He was a bright, fit, popular and resourceful Rifleman who made friends easily and quickly grew proud of his Platoon and the men with whom he lived and fought. They too were fiercely proud and protective of him. He harboured aspirations to join the Special Forces and showed great promise for a long and successful career, which ended most tragically as he fought beside his friends to give the Afghan people a better life. Our thoughts and prayers are with his family."

Serjeant Jaime Moncho, 9 Platoon Serjeant:

"Rifleman Will Aldridge was a quiet, well-mannered, generous young Rifleman who absolutely loved his job. He had aspirations well beyond his years. As the youngest member of the Platoon and the Company, he was intrigued by the Special Forces and desired to serve with them. He had a most promising future and was on track to take part in the next Potential Junior NCO Cadre, which I have no doubt he would have passed with ease.

In this close circle of friends within the Platoon, he always talked of his family and his girlfriend Zeta, whom he loved very much. Will; you will always be remembered as an exceptionally fit and motivated Rifleman, devoted not only to his family but also to his Platoon."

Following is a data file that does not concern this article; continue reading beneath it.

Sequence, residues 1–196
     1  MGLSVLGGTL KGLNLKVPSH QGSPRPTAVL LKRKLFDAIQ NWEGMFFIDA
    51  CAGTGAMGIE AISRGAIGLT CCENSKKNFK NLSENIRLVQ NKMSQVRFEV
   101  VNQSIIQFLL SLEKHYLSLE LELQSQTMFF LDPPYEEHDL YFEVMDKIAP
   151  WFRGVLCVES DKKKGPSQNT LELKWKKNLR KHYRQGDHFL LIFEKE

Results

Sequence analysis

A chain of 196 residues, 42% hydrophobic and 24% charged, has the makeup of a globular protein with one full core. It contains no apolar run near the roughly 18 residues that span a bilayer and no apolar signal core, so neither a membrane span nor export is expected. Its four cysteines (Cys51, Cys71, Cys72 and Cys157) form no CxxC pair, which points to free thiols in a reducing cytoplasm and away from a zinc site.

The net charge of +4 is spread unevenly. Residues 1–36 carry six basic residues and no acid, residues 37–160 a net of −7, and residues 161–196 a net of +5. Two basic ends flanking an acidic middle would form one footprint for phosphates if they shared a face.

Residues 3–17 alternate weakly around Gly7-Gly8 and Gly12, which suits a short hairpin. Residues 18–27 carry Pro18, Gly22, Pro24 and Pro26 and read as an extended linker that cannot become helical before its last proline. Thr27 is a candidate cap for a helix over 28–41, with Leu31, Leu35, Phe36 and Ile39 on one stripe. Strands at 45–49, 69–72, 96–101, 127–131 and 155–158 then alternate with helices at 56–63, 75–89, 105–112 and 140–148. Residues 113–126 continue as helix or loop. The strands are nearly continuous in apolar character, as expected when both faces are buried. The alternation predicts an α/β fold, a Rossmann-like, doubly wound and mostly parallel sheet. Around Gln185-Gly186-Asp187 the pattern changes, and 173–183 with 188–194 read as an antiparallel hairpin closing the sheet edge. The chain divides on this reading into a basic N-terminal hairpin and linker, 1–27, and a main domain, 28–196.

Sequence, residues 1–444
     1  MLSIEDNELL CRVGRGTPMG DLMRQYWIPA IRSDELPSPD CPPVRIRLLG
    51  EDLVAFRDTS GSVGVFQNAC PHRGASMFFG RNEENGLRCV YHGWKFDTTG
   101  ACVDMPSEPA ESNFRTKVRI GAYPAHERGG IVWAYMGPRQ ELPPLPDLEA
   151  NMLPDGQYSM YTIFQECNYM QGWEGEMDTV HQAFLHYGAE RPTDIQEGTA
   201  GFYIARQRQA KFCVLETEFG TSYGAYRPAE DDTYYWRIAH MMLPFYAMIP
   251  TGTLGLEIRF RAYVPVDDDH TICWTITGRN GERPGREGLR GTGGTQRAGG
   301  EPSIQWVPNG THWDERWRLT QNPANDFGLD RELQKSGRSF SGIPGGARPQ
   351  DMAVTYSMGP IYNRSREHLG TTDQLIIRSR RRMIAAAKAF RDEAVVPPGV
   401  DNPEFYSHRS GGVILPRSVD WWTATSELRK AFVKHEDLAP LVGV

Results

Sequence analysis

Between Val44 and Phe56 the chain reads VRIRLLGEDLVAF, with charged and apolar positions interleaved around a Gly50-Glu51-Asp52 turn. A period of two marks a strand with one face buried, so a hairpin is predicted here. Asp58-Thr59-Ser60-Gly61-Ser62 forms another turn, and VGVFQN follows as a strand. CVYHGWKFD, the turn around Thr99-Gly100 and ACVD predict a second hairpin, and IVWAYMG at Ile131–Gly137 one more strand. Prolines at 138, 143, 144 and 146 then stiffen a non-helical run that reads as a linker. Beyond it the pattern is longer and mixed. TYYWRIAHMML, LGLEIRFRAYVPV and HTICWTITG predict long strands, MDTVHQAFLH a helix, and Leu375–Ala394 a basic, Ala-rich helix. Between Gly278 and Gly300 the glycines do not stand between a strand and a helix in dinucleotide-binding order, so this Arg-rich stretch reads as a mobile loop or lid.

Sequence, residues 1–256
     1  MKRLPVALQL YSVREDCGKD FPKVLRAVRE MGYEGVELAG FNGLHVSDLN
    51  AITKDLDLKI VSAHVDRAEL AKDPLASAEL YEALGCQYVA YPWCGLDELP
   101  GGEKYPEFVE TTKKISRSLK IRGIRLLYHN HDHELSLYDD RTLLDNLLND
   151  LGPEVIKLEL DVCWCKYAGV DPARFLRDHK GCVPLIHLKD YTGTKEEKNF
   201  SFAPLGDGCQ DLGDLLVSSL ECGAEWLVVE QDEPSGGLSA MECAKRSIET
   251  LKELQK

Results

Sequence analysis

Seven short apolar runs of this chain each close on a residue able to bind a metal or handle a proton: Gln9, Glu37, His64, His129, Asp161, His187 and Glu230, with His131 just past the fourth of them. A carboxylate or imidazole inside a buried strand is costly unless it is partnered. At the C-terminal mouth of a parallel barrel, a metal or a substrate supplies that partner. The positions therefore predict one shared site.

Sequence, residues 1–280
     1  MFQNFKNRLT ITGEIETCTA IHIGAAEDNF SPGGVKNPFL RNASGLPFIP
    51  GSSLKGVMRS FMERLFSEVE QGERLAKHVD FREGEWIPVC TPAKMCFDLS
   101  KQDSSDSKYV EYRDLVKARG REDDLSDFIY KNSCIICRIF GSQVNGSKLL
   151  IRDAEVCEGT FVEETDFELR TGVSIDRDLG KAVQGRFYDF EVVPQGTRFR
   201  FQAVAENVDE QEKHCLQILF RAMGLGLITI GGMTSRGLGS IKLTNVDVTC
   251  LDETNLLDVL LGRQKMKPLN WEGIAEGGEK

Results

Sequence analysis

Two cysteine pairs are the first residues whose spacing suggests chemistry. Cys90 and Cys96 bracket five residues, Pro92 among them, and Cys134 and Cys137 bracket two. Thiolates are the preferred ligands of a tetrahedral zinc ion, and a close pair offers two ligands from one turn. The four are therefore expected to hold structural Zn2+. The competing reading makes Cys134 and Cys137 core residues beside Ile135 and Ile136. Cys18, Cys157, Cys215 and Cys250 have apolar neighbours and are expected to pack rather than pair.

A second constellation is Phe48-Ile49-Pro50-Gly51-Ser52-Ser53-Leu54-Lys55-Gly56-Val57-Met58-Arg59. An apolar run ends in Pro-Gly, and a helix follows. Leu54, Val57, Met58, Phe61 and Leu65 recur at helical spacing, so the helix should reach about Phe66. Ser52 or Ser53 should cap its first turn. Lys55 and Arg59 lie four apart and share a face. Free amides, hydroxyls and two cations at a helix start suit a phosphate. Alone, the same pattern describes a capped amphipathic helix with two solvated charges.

"Will, Remembered by all, Forgotten by none – Brother Rifleman."

Lance Corporal Powell, Section Second-in-Command:

"Rifleman Aldridge was a keen soldier. He was an ambitious man and always with a smile on his face. He wanted to do his best at everything. He loved the Army and wanted to serve for a long time. I got to know him when we served together in a small patrol base for a month away from our normal FOB in Sangin. He always talked about his family. It will never be the same without him and he will always be in my mind. He was a gleaming bloke. He will never be forgotten – rest in peace."

Rifleman Jacobs, fellow Rifleman:

"I first met Will when we joined the Battalion at the same time. He was always one of the boys; cheerful, happy and always up for a laugh. He was obviously hugely proud of being in the Army. I will always remember him as one of my brothers. Love you, Big Ginge."